Skip to main content

Koa Bug

Coleotichus blackburniae
The Koa Bug is the largest species of true bug that is endemic to the Hawaiian Islands. They can be found on all of the main islands of the chain, living in Koa trees and `a`ali`i bushes.

Like all true bugs, Koa Bugs have no chewing mouth parts. Instead, they have a little tube-like mouth part that they use to get inside the seeds of their host plants. Once inside, they suck out the insides.

Kos Bugs are also members of the "Jeweled Bug" family, Scutelleridae. Because of this they sport an enlarged, sheild-shaped thorax. However, the Koa Bugs are different from many of their cousins because they do not have the ability to secrete a stinky, defensive chemical. They are sometimes called "Stinkless Stink Bugs".

Unfortunately, the Koa Bug populations are being hurt by some introduced species. Non-native Stink Bugs made their way to the islands and started to cause damage. To get rid of those invasive bugs, a Stinkbug-eating Fly was brought in... only it can't tell the difference between the native and non-native bugs. Though you can still find Koa Bugs on most of the larger islands, the population is declining.

IUCN Status : Not Listed
Location : Hawaii
Size : Body length up to 15mm
Classification : Phylum : Arthropoda -- Class : Insecta -- Order : Hemiptera
Family : Scutelleridae -- Genus : Coleotichus -- Species : C. blackburniae
Image : Libraries Impact Learning

Comments

Popular posts from this blog

Bornean Orangutan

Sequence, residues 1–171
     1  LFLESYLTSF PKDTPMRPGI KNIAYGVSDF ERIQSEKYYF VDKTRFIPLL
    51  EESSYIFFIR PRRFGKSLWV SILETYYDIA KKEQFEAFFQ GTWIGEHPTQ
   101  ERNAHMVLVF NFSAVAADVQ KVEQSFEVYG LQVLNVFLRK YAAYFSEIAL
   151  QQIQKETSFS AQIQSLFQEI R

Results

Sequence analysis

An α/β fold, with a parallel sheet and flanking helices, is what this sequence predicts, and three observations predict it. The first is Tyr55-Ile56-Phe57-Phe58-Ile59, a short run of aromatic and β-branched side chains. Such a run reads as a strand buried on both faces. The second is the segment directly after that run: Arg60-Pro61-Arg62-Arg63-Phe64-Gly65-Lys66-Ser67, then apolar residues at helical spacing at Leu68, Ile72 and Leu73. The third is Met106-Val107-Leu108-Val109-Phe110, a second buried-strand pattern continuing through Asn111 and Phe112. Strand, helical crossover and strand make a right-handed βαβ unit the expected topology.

The Bornean Orangutan is one of two extant Orangutan species in the world. It is the third largest primate (after Gorillas) and is the largest primarily tree-dwelling animal in the world. Males are substantially larger than females, and average at around 165lbs. Bornean Orangutans are largely solitary. A handful might live within a small range but they will seldom interact with one another. Males and females only meet up to breed, which happens only once every several years. A young Orangutan will stay with it's mother for about five years, and the females tend to go about eight years between births. That is the longest interim period of any animal! Sadly, the Bornean Orangutans are in a lot of trouble. They need large forests in order to thrive, and deforestation and habitat degradation has left many homeless. They are also hunted for meat and for traditional medicines. Conservation areas are being established to help these guys in the wild, and it is believed that there are a

Four!

For anyone who was counting, yesterday was our birthday-- four years! Four years filled with animals from A to Z, more than 1,100 of them! I can't thank my readers enough, it's been wonderful! And in celebration of that milestone... I'm taking a break. Hopefully not forever, but for a little bit at least. In the mean time I plan on getting a new layout out, along with some updates to some of the older articles. I'll post updates here and on the Facebook page, I'm also brainstorming some new animal-related projects, so keep an eye out! Thanks again for four awesome years!

10 Years?!

My goodness! It's been 6 years since I went on hiatus, and now more than 10 years since AaD was born, and what a world we've moved in to! Animal a Day is coming back- but in the meantime, check us out on Facebook, for your daily dose of #BIRDNEWS